Increasing pressure on gun manufacturers, a coalition of 28 cities and counties now will use collective buying power to give preference to companies that follow the lead of Smith & Wesson in signing an agreement to produce safer firearms and stick to a code of responsible conduct. In announcing the tactic, Housing and Urban Development Secretary Andrew Cuomo said preferential buying would prod the rest of the industry to fall into line behind the deal because sales to law- enforcement agencies represent 20 to 30 percent of the US gun market. Two gunmakers, Glock Inc. and Browning, have said they will not sign.
The federal government agreed to pay $508 million, the largest award yet in an employment discrimination case, to settle a lawsuit by hundreds of women who said they were denied jobs and promotions at the US Information Agency and Voice of America. The agreement ends a 23-year battle that began after Carolee Brady applied for a job as a USIA magazine editor, but was told managers wanted a man. Her complaint ballooned into the class-action suit, with roughly 1,100 women alleging they also had lost opportunities because of gender bias. The settlement calls for the women to share the award equally.
The Justice Department reopened a grand jury probe to consider indicting former Chilean dictator Augusto Pinochet for a 1976 car bombing in Washington that killed two people, one of them ex-ambassador Orlando Letelier, the Washington Post reported. US investigators arrived in Santiago, Chile, for court proceedings involving 42 potential witnesses. The Post said prospects were slim that Pinochet would be extradited to the US, but an indictment would increase pressure on Chile to try Pinochet for human-rights abuses.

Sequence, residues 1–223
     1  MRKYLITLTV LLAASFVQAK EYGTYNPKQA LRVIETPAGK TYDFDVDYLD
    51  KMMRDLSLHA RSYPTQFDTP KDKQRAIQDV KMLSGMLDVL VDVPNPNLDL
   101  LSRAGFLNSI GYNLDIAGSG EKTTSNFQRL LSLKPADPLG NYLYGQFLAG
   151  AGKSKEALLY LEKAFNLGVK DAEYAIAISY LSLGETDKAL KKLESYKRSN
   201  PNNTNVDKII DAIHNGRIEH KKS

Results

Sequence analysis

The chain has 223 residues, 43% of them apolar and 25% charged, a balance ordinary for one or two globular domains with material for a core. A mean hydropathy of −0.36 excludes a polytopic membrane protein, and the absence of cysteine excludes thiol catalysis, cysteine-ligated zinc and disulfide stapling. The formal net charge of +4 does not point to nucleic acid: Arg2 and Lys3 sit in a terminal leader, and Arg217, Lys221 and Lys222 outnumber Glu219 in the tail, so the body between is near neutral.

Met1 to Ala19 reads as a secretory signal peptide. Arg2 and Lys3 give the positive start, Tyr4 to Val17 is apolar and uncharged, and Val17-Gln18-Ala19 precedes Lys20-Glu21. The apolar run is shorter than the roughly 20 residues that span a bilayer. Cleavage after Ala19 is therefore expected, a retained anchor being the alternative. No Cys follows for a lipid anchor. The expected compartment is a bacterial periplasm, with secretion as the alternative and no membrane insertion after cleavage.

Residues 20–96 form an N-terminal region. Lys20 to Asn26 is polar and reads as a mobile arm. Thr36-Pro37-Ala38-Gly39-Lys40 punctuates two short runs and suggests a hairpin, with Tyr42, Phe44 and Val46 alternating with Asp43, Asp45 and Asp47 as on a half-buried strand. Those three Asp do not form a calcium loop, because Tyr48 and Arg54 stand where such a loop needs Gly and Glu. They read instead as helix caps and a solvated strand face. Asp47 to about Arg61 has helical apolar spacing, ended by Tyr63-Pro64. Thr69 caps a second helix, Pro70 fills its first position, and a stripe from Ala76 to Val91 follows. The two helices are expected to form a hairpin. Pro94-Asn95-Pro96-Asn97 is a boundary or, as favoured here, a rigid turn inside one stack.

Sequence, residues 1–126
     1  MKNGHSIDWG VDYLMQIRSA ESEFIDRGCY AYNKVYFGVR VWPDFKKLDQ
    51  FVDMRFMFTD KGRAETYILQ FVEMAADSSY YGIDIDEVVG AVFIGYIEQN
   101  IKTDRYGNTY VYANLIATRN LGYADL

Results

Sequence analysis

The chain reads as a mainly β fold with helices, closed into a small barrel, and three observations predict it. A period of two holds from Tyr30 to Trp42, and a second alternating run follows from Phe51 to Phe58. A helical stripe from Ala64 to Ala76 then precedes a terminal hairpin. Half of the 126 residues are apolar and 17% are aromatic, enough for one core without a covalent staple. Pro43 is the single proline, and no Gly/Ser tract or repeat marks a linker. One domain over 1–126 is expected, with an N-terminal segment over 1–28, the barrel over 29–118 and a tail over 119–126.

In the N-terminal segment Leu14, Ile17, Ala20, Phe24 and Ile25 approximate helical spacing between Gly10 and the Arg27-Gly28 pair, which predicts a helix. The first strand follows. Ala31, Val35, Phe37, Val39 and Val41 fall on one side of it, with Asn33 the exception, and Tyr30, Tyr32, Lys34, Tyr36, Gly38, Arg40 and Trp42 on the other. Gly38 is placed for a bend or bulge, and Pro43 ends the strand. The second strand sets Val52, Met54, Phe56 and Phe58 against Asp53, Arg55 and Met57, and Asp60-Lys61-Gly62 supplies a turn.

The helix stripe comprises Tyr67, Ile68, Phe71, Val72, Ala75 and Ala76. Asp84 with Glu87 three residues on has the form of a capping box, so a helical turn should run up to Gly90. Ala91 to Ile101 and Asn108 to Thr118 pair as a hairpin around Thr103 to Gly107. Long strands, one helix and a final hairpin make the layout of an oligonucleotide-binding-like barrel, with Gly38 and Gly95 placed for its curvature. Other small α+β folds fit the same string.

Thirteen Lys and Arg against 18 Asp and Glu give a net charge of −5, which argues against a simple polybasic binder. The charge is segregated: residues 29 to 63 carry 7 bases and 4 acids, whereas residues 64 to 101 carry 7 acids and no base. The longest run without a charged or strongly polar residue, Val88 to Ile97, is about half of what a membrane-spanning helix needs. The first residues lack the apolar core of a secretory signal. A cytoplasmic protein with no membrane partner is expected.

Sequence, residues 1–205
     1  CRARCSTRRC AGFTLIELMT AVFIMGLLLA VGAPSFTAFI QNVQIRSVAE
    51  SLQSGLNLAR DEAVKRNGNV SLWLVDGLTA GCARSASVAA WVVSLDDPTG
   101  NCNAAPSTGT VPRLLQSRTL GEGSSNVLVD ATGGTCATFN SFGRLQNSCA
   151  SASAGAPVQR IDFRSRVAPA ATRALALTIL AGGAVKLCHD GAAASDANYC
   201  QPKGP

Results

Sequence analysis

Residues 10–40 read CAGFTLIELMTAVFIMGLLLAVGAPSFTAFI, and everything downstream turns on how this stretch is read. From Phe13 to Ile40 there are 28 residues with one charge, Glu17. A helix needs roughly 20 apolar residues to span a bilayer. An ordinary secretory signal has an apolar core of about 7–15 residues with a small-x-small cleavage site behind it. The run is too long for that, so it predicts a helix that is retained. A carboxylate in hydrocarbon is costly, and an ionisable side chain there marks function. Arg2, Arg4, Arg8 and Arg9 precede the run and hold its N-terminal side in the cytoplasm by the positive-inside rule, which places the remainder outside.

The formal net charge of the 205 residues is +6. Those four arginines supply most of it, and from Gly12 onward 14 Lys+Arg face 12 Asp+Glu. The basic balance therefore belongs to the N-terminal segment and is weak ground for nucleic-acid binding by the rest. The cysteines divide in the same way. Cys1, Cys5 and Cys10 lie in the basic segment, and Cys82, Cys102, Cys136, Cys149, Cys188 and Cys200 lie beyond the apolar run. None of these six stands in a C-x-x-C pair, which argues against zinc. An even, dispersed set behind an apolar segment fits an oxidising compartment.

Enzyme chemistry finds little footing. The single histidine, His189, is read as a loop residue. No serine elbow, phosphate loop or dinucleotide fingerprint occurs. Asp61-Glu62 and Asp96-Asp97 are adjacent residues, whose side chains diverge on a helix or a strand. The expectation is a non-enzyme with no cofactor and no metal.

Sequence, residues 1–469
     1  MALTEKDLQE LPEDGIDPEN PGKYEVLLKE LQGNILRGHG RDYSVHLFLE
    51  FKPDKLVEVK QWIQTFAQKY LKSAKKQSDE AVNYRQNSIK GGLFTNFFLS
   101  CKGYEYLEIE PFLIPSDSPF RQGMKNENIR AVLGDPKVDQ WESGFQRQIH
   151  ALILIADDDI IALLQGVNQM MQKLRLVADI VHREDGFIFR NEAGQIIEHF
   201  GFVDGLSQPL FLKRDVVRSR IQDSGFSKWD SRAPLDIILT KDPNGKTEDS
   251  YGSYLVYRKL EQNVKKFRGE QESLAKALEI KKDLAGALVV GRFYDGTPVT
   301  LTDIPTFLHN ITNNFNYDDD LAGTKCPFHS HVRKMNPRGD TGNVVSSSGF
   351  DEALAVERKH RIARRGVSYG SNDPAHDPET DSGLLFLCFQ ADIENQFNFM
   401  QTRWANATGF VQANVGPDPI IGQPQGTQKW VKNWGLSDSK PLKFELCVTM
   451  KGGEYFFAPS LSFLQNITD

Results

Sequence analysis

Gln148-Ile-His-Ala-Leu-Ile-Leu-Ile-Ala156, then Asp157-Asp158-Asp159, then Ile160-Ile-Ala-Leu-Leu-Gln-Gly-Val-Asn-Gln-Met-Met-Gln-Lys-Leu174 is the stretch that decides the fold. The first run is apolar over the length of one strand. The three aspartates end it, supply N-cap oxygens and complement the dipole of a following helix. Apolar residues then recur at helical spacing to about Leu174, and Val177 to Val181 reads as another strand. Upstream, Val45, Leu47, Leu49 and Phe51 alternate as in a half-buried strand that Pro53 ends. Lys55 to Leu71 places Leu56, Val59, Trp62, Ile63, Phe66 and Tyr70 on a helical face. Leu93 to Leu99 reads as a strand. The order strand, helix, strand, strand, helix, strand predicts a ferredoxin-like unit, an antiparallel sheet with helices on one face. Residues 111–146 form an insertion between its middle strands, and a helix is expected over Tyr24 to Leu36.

NASA, in trying to do more missions with less money and fewer people, made management mistakes that contributed to a string of recent failures in space, agency chief Daniel Goldin said. He told a Senate hearing on why NASA has encountered so many difficulties this year, including two lost probes to Mars, that the agency has reduced its work force from 25,000 to 18,500 over seven years while emphasizing a "faster, better, cheaper" philosophy that calls for less costly missions. But NASA will hire 2,000 new workers, and establish a formal training program for young engineers, among other plans, he said.
Georgia lawmakers voted to phase out the electric chair and make lethal injection the state's primary means of execution, two months after a similar move in neighboring Florida. If Gov. Roy Barnes (D) signs the measure, Alabama and Nebraska would be the only states still using electrocution exclusively.
The Army has replaced hundreds of Patriot missiles in the Mideast and South Korea after discovering a pattern of technical glitches in the air-defense system, the Pentagon said. The acknowledgement confirmed a Wall Street Journal report that flawed missiles were swapped with newer ones after "significant ... failures were found." Experts said the cause could be age-related.
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